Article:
Neil Grundon, deputy chairman of Grundon Waste Management, reviews the Government’s recent air quality proposals and says good practice begins at home.
After the Government published its new draft clean air plan at the start of May, there was a sharp intake of breath in some quarters around its proposals to tackle dirty air.
These include a possible “targeted” car scrappage scheme to take older diesel and petrol cars off the road and pay drivers to move to electric vehicles; as well as retrofitting lorries, buses and black cabs with devices that would limit their emissions and deliver cleaner air.
Another option is to set up clean air zones. The Government highlights the fact that 40 in cities and towns across the country are expected to persistently exceed safe levels of nitrogen dioxide (NO2), which is produced by diesel engines and linked to a range of respiratory diseases.
While the opposition parties and green campaigners have been getting all hot under the collar around the plan, closer to home at Grundon, we’ve already been making great strides in ensuring our own vehicles are more environmentally-friendly.
In 2014, we became the first of the major waste industry players to be awarded CarbonNeutral® fleet certification for all our road-going vehicles and at the start of this year, we extended the programme for a further year, committing to reducing all greenhouse gas emissions from its vehicles to net zero.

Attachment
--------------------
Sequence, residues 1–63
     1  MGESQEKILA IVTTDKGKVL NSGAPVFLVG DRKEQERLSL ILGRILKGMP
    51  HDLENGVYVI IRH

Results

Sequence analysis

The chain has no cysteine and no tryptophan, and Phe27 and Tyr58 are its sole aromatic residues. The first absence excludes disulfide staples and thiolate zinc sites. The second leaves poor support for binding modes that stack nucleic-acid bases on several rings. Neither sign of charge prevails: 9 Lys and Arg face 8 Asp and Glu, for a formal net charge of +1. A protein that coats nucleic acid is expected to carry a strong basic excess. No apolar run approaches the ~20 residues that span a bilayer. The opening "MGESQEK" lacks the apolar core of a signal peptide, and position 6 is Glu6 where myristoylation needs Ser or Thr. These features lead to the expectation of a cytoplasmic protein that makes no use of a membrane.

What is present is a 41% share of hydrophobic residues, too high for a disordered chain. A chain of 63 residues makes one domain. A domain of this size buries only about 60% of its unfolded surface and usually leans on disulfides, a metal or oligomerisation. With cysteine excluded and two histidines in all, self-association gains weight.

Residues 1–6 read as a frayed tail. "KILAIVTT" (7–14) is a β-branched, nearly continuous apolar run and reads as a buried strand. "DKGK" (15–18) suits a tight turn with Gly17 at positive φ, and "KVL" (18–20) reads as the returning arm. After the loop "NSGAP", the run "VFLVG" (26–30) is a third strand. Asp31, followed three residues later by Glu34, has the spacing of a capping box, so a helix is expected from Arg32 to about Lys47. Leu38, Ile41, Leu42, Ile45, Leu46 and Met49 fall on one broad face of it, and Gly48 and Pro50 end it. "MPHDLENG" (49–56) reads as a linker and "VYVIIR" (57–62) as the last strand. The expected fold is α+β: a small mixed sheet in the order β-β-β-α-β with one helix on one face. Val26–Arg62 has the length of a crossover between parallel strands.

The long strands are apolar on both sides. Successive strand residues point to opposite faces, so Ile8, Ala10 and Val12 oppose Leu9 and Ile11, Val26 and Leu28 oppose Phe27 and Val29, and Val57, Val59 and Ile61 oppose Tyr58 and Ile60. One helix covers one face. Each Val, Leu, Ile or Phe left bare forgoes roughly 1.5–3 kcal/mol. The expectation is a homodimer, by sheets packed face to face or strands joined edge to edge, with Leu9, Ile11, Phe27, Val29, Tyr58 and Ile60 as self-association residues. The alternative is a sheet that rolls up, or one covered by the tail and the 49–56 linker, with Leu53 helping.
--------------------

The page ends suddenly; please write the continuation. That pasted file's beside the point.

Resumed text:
It means that not only are all our Grundon vehicle journeys carbon neutral, they also avoid adding to customers’ carbon footprint.
At the same time, we’ve invested in internal initiatives to reduce carbon emissions for our vehicles, spending £7 million on 44 new environmentally-friendly vehicles with the latest leaner, cleaner Euro VI engines.
As a result, we’ve increased the number of miles our vehicles can drive per gallon and our drivers now go through a Safe and Fuel Efficient Driver Training course, helping to further increase fuel efficiency still further.
While we must all applaud the drive towards cleaner air – after all, no-one wants their children to grow up breathing toxic air – it’s also worth noting that for some organisations such as ourselves, the winds of change are already here.